Stock market closes higher as energy, telecom sectors lead

Stock market closes higher as energy, telecom sectors lead

Trade worries simmer

U.S. stocks shrugged off a wobbly start to close higher Tuesday, with the Dow climbing by triple digits, as energy and telecommunications rallied. However, trade worries were simmering below the surface as investors continued to watch the situation between the U.S. and China

How did major benchmarks fare?

The Dow Jones Industrial Average DJIA, +0.44% climbed 113.99 points, or 0.4%, to end at 25,971.06 after two consecutive losing sessions. The S&P 500 SPX, +0.37% added 10.76 points, or 0.4%, to finish at 2,887.89 and the tech-laden Nasdaq Composite Index COMP, +0.61% advanced 48.31 points, or 0.6%, to 7,972.47. The Nasdaq and S&P broke a four-day losing streak on Monday.

Telecommunications were among the best performers while the energy sector got a lift from strong crude oil prices. Tech shares were also notable gainers with megacaps Apple Inc. AAPL, +0.49% Facebook Inc. FB, -0.78% and Microsoft Corp. MSFT, +0.15% all rising sharply.

The gain for Dow component Apple came a day ahead of the company’s annual iPhone event, which could also see the company announce upgrades to other products, including a likely debut for a new version of the Apple Watch.

What drove the market?

Unresolved trade issues continued to dog the market after President Donald Trump recently threatened China with fresh tariffs. The latest move by Trump would impact an additional $267 billion in Chinese goods, coming on top of an already-proposed $200 billion in tariffs.

China has vowed to retaliate and plans to ask the World Trade Organization next week for permission to impose sanctions on the U.S. for Washington’s noncompliance with a ruling in a dispute over U.S. dumping duties, Reuters reported. That’s part of a dispute that goes back to 2013.

Investors are worried about a full-on trade war that could have negative implications for global economic growth.

EU and U.S. negotiators met Monday to talk over a pact that would avoid a trans-Atlantic spat. Although there was no major breakthrough, U.S. Trade Representative Robert Lighthizer and European Trade Commissioner Cecilia Malmström said they would meet up again by the end of September and begin hammering out a deal in the coming months.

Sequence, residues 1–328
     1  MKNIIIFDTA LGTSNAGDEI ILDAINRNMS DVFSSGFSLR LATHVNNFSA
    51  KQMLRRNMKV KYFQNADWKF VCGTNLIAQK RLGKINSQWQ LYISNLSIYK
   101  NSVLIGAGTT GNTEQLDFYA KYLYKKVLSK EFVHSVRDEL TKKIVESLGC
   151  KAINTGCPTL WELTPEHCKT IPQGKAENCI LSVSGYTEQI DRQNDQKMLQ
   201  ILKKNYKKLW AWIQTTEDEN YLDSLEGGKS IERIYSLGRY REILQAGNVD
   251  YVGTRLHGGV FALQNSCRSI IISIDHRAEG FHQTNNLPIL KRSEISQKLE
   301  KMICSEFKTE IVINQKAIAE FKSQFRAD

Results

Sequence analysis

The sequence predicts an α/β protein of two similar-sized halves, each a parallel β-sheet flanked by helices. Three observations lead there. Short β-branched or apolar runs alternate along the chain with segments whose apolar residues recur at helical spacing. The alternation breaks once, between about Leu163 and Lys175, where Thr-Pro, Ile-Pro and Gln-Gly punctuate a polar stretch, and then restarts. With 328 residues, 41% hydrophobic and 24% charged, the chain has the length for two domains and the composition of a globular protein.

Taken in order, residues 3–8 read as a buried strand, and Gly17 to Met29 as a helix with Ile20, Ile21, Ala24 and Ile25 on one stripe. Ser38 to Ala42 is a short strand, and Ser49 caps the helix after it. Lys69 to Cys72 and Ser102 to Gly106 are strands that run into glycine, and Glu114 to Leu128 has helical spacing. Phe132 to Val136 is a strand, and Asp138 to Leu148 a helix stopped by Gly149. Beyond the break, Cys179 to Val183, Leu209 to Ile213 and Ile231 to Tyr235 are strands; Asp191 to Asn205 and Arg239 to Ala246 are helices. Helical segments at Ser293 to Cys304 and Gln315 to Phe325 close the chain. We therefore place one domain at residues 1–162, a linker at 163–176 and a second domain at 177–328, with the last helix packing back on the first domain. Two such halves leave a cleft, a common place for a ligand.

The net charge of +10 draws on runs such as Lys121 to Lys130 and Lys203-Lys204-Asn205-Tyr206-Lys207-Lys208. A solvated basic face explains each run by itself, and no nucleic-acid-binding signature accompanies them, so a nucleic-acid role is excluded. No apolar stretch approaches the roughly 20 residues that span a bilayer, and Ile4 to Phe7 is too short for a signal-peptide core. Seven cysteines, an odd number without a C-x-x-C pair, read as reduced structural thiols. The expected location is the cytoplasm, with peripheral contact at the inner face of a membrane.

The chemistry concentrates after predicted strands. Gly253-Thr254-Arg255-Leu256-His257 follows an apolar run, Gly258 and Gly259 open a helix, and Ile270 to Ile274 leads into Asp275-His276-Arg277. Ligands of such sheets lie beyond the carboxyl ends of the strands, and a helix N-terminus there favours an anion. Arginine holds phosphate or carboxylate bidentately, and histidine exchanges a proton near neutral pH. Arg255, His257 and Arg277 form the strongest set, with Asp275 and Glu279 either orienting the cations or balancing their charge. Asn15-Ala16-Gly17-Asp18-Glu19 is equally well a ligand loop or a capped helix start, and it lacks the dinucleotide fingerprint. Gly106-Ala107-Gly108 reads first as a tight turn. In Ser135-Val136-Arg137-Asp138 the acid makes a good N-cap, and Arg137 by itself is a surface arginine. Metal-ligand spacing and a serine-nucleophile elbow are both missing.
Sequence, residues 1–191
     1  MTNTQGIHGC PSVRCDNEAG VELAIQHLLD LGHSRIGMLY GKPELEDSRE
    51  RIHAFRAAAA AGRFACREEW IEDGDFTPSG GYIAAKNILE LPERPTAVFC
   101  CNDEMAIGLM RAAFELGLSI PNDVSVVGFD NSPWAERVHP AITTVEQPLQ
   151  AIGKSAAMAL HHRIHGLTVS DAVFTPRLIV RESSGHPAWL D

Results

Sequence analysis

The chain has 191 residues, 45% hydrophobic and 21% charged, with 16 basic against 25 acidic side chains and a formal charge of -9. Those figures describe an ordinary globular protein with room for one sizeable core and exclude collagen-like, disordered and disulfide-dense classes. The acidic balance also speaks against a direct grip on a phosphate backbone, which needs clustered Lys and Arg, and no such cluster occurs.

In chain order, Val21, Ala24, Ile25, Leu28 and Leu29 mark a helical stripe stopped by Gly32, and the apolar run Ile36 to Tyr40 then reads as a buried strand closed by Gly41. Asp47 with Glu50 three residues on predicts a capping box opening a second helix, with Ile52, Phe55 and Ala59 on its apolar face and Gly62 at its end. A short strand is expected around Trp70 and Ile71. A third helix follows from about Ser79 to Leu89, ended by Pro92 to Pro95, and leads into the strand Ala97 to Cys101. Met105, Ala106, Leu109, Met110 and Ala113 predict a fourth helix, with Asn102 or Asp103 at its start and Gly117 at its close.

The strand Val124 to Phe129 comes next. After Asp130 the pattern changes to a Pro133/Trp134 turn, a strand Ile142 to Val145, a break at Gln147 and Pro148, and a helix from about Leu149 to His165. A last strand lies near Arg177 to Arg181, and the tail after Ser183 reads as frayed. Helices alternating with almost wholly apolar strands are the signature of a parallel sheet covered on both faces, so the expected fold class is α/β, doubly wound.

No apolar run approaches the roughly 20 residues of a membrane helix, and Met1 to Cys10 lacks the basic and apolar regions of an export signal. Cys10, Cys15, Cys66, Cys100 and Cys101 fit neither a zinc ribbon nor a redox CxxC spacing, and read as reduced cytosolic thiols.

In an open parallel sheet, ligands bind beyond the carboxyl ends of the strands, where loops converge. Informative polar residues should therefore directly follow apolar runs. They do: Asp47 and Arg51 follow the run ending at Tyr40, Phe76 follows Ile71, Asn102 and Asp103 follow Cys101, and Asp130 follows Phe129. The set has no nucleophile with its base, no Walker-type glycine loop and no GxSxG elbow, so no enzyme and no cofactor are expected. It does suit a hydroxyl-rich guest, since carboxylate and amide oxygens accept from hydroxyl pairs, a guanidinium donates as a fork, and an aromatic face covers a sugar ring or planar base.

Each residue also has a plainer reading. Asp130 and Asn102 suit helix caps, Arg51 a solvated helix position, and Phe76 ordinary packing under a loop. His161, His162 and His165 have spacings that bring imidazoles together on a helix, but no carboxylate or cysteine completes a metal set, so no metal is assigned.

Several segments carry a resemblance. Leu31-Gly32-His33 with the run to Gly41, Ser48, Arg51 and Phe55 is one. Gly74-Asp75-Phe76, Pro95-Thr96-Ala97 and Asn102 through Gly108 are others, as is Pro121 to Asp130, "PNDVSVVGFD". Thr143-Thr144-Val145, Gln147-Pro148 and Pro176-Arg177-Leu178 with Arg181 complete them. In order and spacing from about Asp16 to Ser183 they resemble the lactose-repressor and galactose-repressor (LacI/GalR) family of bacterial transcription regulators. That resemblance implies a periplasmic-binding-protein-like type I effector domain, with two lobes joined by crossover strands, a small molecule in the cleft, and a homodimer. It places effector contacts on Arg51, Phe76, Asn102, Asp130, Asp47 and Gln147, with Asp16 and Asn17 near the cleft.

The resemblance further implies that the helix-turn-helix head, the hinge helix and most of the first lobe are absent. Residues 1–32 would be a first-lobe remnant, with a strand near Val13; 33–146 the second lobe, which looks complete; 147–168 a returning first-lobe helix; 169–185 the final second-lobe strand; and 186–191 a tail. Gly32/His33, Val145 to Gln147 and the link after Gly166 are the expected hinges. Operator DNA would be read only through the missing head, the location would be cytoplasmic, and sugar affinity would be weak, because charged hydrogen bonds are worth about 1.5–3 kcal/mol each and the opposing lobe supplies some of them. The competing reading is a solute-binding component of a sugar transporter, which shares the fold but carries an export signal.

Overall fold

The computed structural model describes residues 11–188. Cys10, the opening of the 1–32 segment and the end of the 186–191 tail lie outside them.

Investors are also facing negative seasonal issues, as the month of September is historically the weakest of the year, with an average loss of 1.05% since 1896.

What were strategists saying?

Mike Antonelli, an equity sales trader at Robert W. Baird & Co., credited some of the turnaround to an “oversold bounce” as investors returned to the market to look for bargains after the market’s recent losing streak.

The stock market strengthened partly on the back of higher oil prices, which revived interest in the energy sector, according to Colin Cieszynski, chief market strategist at SIA Wealth Management. Oil futures CLV8, +1.01% were up 2.8%.

“You have to watch the trade issue because global supply chains are so complex, and economic growth has depend on the efficiency of these chains,” said Tom Plumb, chief investment officer of Plumb Funds.

“Having said that, people talk about the trade issue as though nothing will happen, or as though the worst-case scenario will happen. We think it will be somewhere in between, and while I would stay away from emerging markets and China for a while, we have so much momentum in the U.S. that I would expect any correction to be short lived,” he said.

Plumb said he was using the recent weakness as an opportunity to buy stocks like Apple. “Any opportunity to have to buy this at a discount, you’ll be well served this year and next,” he said.

Which stocks were in focus?

Yum China Holdings Inc. YUMC, -13.35% sank 13% after Bloomberg reported that Hillhouse Capital was dropping its pursuit of operator of Pizza Hut and KFC fast-food restaurants in China.

Shares of Integrated Device Technology Inc. IDTI, +0.11% surged 11% after Japan’s Renesas Electronics Corp. said it would buy the California-based chip maker in a $6.7 billion deal.

Sonos Inc. SONO, +2.66% shares skidded 22% after the speaker maker’s first earnings report since its initial public offering showed a net loss and sales that were worse than those reported in the same quarter a year ago. The speaker maker’s stock had rallied into the release, soaring 13% in Monday’s session.

Tesla Inc. TSLA, +0.20% fell 2.1% after it was downgraded by an analyst who cited the “erratic behavior” of Chief Executive Elon Musk.

Sonic Corp. SONC, +8.23% surged 8.2% after the fast-food restaurant chain gave an outlook that was above expectations.

Francesca’s Holdings Corp. FRAN, -0.52% tumbled 35% and hit all-time lows after the women’s clothing chain reported fiscal second-quarter earnings and sales that missed expectations, and provided a downbeat outlook, citing “weak traffic trends.”

MasTec Inc. MTZ, +0.82% said it had authorized a new $150 million stock repurchase program, the largest in the infrastructure construction company’s history. Shares rose 0.8%.

Which economic reports were in focus?

Small-business sentiment climbed to a record in August, according to the National Federation of Independent Business.

Separately, the number of job openings in the U.S. climbed to a record 6.94 million in July while the U.S. budget deficit in August was $211 billion, nearly double the gap during the year-ago period.

What were other markets doing?

Stocks in Asia had a weak day with the Hang Seng HSI, -0.29% retreating to drag the Hong Kong market into bear territory. European stocks SXXP, +0.21% were also mostly lower.

Gold GCZ8, -0.32% settled slightly higher and the dollar index DXY, +0.12% was flat.

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